Acceptance and Commitment Therapy (ACT) explained Pt 2

To read Part 1 of this entry please click here

So we’ve had a brief look at the ‘acceptance’ side of ACT, now let’s talk about ‘commitment’. The word commitment is actually short for “Commitment to valued action”, this means taking action that is in line with your values.

And you might be thinking “are you going to make me create a list of my values? boooring!” well indirectly yes. We need to identify what we love, cherish and enjoy so that we can make choices that reflect these. Here’s a creative way to identify your true values and uncover some that you might not find just by ‘thinking’ about it:

  • Relax your body and take a few deep breaths
  • Choose someone in your life that is very important to you (partner, child, family member, friend)
  • Visualise that person 10 years in the future from now (or 15/20 years if your prefer)
  • You now have the opportunity to ‘peek inside’ that person’s mind and discover what they think of you
  • Listen to everything that they appreciate and adore about you
  • Hear your loved one’s thoughts about your achievements over the past 10 years
  • You are able to hear their most heartfelt thoughts even if this person would not normally have the courage to express them verbally
  • Finally hear the person’s favourite quality about you
  • Take note of all the characteristics mentioned and circle those that resonate strongly with you
  • Repeat this exercise using other people in your life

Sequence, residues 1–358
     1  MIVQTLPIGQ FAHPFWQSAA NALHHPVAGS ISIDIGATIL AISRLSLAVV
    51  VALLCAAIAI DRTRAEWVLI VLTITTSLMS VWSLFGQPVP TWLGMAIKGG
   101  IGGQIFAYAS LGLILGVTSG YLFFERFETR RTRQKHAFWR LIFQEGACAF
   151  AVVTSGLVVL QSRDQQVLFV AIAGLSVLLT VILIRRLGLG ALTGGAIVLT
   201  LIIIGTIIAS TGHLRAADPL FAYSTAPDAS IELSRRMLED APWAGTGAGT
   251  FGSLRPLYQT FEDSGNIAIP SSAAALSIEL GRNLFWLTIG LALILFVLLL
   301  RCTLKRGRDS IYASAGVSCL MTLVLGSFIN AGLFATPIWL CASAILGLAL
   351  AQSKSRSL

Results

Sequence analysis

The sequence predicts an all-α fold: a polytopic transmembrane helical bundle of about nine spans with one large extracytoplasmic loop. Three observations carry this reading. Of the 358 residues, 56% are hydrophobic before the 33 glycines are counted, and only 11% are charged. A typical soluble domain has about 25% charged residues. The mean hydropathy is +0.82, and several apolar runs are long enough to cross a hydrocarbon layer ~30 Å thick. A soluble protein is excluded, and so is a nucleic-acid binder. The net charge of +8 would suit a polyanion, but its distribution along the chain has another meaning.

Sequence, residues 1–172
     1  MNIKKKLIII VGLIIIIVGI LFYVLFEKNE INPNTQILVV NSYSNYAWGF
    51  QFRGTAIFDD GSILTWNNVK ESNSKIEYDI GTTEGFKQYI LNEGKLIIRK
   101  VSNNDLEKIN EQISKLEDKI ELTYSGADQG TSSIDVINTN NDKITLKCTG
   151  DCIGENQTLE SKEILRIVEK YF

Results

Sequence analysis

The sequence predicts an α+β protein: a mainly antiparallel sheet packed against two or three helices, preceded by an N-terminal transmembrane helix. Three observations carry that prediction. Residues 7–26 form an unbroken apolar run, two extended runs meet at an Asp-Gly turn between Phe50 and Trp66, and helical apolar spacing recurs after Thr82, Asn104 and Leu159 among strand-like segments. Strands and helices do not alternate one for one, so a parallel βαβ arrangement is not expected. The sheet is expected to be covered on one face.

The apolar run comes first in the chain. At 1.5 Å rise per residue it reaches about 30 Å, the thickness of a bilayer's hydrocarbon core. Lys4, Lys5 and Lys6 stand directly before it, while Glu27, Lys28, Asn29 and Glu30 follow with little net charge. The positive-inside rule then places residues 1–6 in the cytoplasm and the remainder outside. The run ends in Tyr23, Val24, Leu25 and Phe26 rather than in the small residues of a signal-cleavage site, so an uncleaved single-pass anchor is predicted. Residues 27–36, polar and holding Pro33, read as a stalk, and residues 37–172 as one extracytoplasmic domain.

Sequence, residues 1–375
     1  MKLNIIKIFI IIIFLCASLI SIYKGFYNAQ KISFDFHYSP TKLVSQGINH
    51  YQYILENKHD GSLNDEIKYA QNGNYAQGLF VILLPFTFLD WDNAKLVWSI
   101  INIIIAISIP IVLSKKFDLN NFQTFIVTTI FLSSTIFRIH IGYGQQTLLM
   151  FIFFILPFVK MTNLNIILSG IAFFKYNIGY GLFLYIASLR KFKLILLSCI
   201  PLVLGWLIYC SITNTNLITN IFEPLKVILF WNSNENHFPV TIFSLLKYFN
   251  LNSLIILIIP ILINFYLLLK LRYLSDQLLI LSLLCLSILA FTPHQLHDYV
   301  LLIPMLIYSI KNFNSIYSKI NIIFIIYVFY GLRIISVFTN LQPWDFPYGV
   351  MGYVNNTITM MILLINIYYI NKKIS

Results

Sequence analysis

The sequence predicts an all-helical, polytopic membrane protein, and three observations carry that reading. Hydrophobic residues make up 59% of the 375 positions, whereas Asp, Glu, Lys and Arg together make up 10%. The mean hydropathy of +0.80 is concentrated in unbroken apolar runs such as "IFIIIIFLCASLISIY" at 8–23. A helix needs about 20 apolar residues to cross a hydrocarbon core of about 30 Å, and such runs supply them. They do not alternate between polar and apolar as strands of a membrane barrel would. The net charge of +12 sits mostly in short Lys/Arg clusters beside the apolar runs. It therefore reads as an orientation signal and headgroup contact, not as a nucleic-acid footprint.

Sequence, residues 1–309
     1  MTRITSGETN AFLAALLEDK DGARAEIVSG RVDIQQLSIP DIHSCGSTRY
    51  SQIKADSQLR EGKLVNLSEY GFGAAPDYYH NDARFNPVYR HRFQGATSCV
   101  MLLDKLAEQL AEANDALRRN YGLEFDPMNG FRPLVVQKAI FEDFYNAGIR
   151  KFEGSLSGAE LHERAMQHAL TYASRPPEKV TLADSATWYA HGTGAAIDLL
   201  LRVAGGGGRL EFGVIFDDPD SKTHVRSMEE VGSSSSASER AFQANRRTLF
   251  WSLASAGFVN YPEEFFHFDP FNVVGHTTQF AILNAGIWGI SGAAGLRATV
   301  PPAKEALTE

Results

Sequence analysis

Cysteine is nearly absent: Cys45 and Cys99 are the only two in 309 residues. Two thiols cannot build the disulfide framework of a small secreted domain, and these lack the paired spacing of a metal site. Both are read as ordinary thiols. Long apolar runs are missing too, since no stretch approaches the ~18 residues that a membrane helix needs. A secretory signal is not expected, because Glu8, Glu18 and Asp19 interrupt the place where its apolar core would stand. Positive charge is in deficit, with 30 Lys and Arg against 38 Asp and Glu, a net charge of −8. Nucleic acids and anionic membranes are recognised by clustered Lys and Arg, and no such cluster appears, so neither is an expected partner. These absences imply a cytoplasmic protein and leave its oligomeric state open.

This simple exercise can assist you to decide what you would like to achieve in your life and what qualities you would like to operate with.


Values are not goals. Goals are important for planning what you want to achieve in life and values are the attitude that you take with you on your journey toward those goals. For example, you cannot value having a successful business (this is a goal) however you can value being organised, motivated and enthusiastic about your business. When you act in alignment with these values you feel great.

Values are only about you. You cannot value being in a perfect relationship or having a great partner however you can value being a loving and supportive parter. Next time you’re about to pick on your partner for something he or she has done that you’re not happy about, ask yourself: Is this behaviour in alignment with my values about the sort of partner I want to be?

Behaving inconsistently with your values perpetuates underlying issues. Let’s say you value being generous with others, yet you find yourself becoming frustrated when they don’t ‘return the favour’. This is showing you that you are not truly aligned with the spirit of generosity which is to find the joy in giving without expectation of anything in return. Perhaps you need to do some work around releasing expectations, letting go of your childhood patterning around lack or re-evaluating your true values.

ACT aims to work directly with core values, promoting authenticity and presence, allowing us to access the freedom within


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